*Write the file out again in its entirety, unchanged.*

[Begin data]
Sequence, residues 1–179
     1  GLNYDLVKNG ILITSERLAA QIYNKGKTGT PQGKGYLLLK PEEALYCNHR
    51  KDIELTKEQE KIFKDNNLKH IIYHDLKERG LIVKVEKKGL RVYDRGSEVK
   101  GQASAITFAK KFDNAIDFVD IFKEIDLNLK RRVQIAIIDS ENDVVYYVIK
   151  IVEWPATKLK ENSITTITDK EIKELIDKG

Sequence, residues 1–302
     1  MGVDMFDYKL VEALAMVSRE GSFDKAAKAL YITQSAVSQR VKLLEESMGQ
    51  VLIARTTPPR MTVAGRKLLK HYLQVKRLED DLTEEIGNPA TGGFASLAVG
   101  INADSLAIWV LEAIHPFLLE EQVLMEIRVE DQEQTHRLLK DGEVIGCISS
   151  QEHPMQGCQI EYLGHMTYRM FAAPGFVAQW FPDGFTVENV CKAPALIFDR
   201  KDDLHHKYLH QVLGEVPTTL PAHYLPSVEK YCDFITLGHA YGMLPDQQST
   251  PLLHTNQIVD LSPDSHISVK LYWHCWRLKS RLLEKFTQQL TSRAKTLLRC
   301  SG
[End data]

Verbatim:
Sequence, residues 1–179
     1  GLNYDLVKNG ILITSERLAA QIYNKGKTGT PQGKGYLLLK PEEALYCNHR
    51  KDIELTKEQE KIFKDNNLKH IIYHDLKERG LIVKVEKKGL RVYDRGSEVK
   101  GQASAITFAK KFDNAIDFVD IFKEIDLNLK RRVQIAIIDS ENDVVYYVIK
   151  IVEWPATKLK ENSITTITDK EIKELIDKG

Sequence, residues 1–302
     1  MGVDMFDYKL VEALAMVSRE GSFDKAAKAL YITQSAVSQR VKLLEESMGQ
    51  VLIARTTPPR MTVAGRKLLK HYLQVKRLED DLTEEIGNPA TGGFASLAVG
   101  INADSLAIWV LEAIHPFLLE EQVLMEIRVE DQEQTHRLLK DGEVIGCISS
   151  QEHPMQGCQI EYLGHMTYRM FAAPGFVAQW FPDGFTVENV CKAPALIFDR
   201  KDDLHHKYLH QVLGEVPTTL PAHYLPSVEK YCDFITLGHA YGMLPDQQST
   251  PLLHTNQIVD LSPDSHISVK LYWHCWRLKS RLLEKFTQQL TSRAKTLLRC
   301  SG